The delightful adaptation of arguably the best Christmas story has landed at Park Street Arts Centre.
This magical musical adaptation has all the Christmas heartwarming you could ever wish for, while staying loyal in parts to the classic Charles Dickens story, but gives a real treatment, with a different type of fun.
The constraints of quite a small stage are cast aside in thrilling style as the skillfully constructed set is used to its full advantage.
The masterful Richard Green plays the part of the old miser Ebenezer Scrooge with genuine aplomb, and his direction of the whole piece is a joy to behold.
Callum Mathers is also in top form as the downtrodden Bob Cratchit, and the whole cast communicate a real sense of togetherness throughout the very character driven show.
Gina Garton is very strong at setting certain scenes for the audience, and the scenes between her and character and Scrooge are genuine dynamite.
It’s a well known saying in theatre that you should ‘Never work with children’ but the supremely talented bunch in this gutsy production discard that saying with a real swagger and ability that looks boundless.
The musical numbers are scattered through the feast before your eyes, all perfectly timed and moving the story along beautifully, with a great dollop of realism.
With several actors and actresses playing more than one part, it would be easy for them to get a bit lost, but that doesn’t happen here, it all moves along almost serenely.
Keiran Danby is very genuinely scary as Jacob Marley, and the use of atmospheric smoke and the right choice of background sound, provides a tremendously eerie experience when it’s required.
The alternate scenes that have been inserted into the script are also masterfully handled.
Speaking to Richard Green afterwards, he said: “I think A Christmas Carol is one of those plays, that really sum up Christmas, it’s got such a good moral behind it.”
Speaking about playing the lead, and directing it as well: “It is a challenge definitely, especially when I’m standing on the stage, seeing what’s going on.
“Obviously I’m not supposed to be seen by them, so I can’t intervene, I just have to stand and watch.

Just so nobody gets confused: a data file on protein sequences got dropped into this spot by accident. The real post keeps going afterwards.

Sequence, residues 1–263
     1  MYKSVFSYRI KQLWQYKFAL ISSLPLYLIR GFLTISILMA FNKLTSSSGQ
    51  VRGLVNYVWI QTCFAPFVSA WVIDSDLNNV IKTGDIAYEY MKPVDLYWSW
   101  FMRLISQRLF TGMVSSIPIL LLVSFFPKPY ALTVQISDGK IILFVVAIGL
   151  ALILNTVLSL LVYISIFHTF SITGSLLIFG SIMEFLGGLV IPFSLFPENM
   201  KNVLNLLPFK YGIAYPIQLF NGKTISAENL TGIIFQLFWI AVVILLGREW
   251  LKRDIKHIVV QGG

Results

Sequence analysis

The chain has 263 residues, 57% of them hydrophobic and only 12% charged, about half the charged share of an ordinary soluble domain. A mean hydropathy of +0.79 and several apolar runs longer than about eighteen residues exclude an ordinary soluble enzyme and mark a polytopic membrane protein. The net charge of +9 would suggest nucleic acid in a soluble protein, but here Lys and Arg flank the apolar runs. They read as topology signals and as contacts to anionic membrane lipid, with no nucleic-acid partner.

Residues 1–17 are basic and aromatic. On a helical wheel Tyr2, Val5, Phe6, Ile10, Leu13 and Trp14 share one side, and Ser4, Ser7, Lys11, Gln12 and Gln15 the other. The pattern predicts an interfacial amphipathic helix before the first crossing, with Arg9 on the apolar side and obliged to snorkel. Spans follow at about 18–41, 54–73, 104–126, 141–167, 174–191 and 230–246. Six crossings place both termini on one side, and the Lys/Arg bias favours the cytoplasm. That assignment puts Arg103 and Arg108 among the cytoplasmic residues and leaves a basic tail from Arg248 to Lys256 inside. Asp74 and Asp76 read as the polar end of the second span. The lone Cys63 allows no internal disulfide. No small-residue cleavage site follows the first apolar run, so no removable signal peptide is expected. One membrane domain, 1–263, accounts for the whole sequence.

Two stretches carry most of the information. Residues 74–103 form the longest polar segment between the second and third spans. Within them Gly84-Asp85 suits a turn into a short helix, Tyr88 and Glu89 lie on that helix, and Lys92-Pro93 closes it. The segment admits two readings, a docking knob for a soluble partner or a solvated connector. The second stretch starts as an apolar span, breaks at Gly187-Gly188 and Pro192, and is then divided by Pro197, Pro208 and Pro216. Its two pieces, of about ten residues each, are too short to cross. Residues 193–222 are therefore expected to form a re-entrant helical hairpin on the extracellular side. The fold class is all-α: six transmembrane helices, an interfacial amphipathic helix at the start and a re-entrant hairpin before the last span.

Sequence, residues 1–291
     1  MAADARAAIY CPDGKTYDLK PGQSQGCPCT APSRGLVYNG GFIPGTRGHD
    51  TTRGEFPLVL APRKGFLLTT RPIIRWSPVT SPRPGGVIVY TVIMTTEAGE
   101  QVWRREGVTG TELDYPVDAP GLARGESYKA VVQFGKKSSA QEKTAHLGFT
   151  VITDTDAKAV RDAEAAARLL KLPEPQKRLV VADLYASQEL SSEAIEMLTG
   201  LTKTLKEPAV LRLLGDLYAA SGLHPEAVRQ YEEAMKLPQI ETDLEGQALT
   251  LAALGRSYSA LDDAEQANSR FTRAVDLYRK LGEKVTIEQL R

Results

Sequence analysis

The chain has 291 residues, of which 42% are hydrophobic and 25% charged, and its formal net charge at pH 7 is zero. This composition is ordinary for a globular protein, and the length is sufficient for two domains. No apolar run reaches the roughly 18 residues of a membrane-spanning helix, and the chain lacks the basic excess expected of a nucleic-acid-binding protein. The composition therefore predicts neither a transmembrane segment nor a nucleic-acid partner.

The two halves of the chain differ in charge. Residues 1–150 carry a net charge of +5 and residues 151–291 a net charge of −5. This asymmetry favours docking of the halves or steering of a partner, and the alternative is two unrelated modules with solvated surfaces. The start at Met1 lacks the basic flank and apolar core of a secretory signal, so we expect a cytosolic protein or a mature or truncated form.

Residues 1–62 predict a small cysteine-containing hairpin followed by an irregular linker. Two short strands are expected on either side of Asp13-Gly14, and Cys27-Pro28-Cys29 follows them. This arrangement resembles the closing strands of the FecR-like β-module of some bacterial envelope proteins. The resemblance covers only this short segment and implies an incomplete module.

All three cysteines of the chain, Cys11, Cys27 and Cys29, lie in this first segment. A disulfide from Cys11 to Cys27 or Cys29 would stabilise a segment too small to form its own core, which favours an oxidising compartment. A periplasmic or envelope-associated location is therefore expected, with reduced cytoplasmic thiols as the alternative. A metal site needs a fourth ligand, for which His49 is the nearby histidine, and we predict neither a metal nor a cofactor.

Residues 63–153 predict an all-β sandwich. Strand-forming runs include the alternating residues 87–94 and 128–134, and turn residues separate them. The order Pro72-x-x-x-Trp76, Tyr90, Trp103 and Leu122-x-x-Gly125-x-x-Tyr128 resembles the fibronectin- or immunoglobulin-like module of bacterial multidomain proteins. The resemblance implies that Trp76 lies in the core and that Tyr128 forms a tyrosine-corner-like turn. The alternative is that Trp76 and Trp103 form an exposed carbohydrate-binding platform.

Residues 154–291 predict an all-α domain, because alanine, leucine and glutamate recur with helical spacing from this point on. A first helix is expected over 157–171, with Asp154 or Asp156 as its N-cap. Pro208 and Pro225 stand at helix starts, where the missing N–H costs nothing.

“Apart from directing it, I’m also playing the lead, and it’s a very big part so it’s a lot to learn, sustaining the character, that’s quite a hard job.”
Callum Mathers also spoke to me about playing Bob Cratchit: “It’s a bit of a character role, he’s a family man, which is something new for me. Also a bit of a cockney accent is a challenge but it’s nice to try that.”
Being on stage with the director quite a lot actually brings some comfort: “It’s pretty comfortable actually sometimes.
“He’s been acting for many years, and directing shows, that gives you confidence in him, that if something does go wrong, you can work together with him and bring it through.”
Being on stage with several children: “It’s stressful at times, but it’s great fun because they’re so full of energy… You’re sort of mentoring them, helping them through it.”
Turning A Christmas Carol into something of a musical has its advantages: “It’s maybe a bit of a gamble, I think it brings a bit more enjoyment as well.
“I haven’t really done a lot of play work, musicals are mainly my thing, so I feel a bit more at home doing musicals, but I think it is a bit of a gamble.
“But I think the audience get a bit more enjoyment out of it, with a few songs in there, you maybe get them to join in a little bit.”
Tickets are still available for the performances which run all week, up to and including Christmas Eve afternoon, although there are only EIGHT tickets left available for the Christmas Eve showing.
Tickets can be booked over the phone on 01482 222452, priced at £6-£8.
Go and see it, you’ll love it to bits.